Open thread for night owls. UK weather service: Earth may pierce 1.5°C average temp within 5 years | Media Hard

Open thread for night owls. UK weather service: Earth may pierce 1.5°C average temp within 5 years

Daily Kos

Open thread for night owls. UK weather service: Earth may pierce 1.5°C average temp within 5 years

Jessica Corbett at Common Dreams writes—UK’s Met Office Warns Global Temperature Could Soar Beyond 1.5°C Threshold Within Five Years. Experts say that would be temporary “but it does ring an alarm bell”:

As NASA on Wednesday confirmed that the past five years have been the hottest on record, the United Kingdom’s national weather service warned that the next five years could see global average surface temperature temporarily surpass the end-of-the-century target of the Paris climate agreement.

OrangeEyeOwl_badgeTEXT_%281%29.jpg

The Met Office forecasts that the average for 2019 to 2023 will likely be between 1.03°C and 1.57°C above pre-industrial levels, fluctuating each year depending on variations in human activities that produce greenhouse gas emissions as well as natural phenomena such as La Ninã and El Niño.

The global average reached 1.0°C for the first time in 2015, “and the following three years have all remained close to this level,” Adam Scaife, head of long-range prediction at the Met Office, noted in a statement. If that trend continues as expected, the decade from 2014 could be “warmest in more than 150 years of records.”

x

While the U.K. researchers predict there is currently a 10 percent chance that the global average will soar beyond 1.5°C—the Paris accord’s lower limit—in the next five years, Met Office research fellow Doug Smith pointed out that “a run of temperatures of 1.0°C or above would increase the risk of a temporary excursion above the threshold.”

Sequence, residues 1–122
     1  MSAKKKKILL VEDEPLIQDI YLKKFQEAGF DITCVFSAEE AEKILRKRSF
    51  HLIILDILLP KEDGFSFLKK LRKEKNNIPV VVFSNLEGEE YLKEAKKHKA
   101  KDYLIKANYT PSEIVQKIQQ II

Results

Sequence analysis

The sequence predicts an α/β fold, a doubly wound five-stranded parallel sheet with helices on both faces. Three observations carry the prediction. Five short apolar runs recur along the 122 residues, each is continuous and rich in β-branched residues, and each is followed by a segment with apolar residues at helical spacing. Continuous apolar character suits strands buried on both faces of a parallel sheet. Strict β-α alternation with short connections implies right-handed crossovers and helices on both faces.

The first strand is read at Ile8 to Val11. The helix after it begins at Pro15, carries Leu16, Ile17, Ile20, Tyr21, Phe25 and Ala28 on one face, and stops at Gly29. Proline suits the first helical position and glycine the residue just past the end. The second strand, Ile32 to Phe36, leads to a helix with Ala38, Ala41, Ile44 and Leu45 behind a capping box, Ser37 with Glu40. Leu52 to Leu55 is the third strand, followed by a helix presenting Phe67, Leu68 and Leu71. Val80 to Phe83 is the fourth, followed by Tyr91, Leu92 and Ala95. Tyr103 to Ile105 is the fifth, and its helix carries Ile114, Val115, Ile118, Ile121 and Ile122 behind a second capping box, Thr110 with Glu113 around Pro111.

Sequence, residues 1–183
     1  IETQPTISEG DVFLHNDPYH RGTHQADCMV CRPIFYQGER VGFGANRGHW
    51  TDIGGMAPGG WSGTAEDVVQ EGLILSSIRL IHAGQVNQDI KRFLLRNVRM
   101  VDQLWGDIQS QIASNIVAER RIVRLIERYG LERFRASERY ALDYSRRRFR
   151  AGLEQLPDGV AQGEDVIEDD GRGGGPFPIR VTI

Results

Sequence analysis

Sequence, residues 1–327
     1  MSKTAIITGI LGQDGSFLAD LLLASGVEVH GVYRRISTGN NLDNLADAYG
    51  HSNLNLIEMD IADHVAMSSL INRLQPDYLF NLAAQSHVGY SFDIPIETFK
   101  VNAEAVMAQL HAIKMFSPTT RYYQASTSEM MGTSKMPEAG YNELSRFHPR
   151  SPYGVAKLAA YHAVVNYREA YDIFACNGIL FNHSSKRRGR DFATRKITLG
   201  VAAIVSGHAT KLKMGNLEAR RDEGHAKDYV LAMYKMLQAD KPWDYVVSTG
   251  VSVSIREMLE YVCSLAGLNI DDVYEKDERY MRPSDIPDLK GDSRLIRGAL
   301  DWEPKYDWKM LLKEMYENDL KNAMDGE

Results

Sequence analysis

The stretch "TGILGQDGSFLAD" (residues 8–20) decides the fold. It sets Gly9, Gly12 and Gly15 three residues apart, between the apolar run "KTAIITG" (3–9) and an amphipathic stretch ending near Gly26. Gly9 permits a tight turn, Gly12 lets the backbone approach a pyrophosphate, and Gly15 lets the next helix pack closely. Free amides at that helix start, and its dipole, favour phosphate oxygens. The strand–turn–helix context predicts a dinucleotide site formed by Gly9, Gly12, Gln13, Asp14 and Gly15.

“Although it would be an outlier,” the Guardian reported that scientists see the potential excursion as “worrying, particularly for regions that are usually hard hit by extreme weather related to El Niño,” including western Australia, South America, south and west Africa, and the Indian monsoon belt.

TOP COMMENTSHIGH IMPACT STORIES

QUOTATION

”People of privilege will always risk their complete destruction rather than surrender any material part of their advantage.”
       ~~John Kenneth Galbraith, The Age of Uncertainty (1977)

TWEET OF THE DAY

x

BLAST FROM THE PAST

On this date at Daily Kos in 2007—CSI: Federal Reserve:

Yesterday Federal Reserve Chairman, Ben Bernanke, stated that the US would be better off not imposing trade barriers.  In other news: water still wet. But there was something of a dry spot in Bernanke’s talk, a little cloud of unease scudding across the blue sky of the billions corporations are raking in.  

An economic mystery that worried the top money guy.

Income inequality has increased in the United States over the last three decades, Bernanke said. Income at the 90th percentile of wage earners ‚those close to the top—rose 34 percent between 1979 and 2006, while the wage at the 10th percentile rose a scant 4 percent in that period, he said.

The percentage of total income for the top 1% doubled over that period, going from 8% to 16%, and making it a larger portion of overall income than in any period this side of the Great Depression.  This inequity is becoming so severe, that the folks in charge of the economy are now worried that it’s making our economy inflexible and leading to instability.

On today’s Kagro in the Morning show: House Trump probes begin. 2020 candidates take their knocks. Blackface is terrible & everywhere. No, really. Everywhere. Cindy McCain thinks she spots trafficking. Green New Deal outlines taking shape. A pared-down, simplified Trump-Russia theory.

Let’s block ads! (Why?)

More at http://www.dailykos.com/stories/1833164

Leave a Reply

Your email address will not be published. Required fields are marked *

Read previous post:
Jeremy Corbyn's winter of discontent: Mirror Politics morning briefing

Mirror - Politics Jeremy Corbyn's winter of discontent: Mirror Politics morning briefing [unable to retrieve full-text content] Divisions over Brexit

Close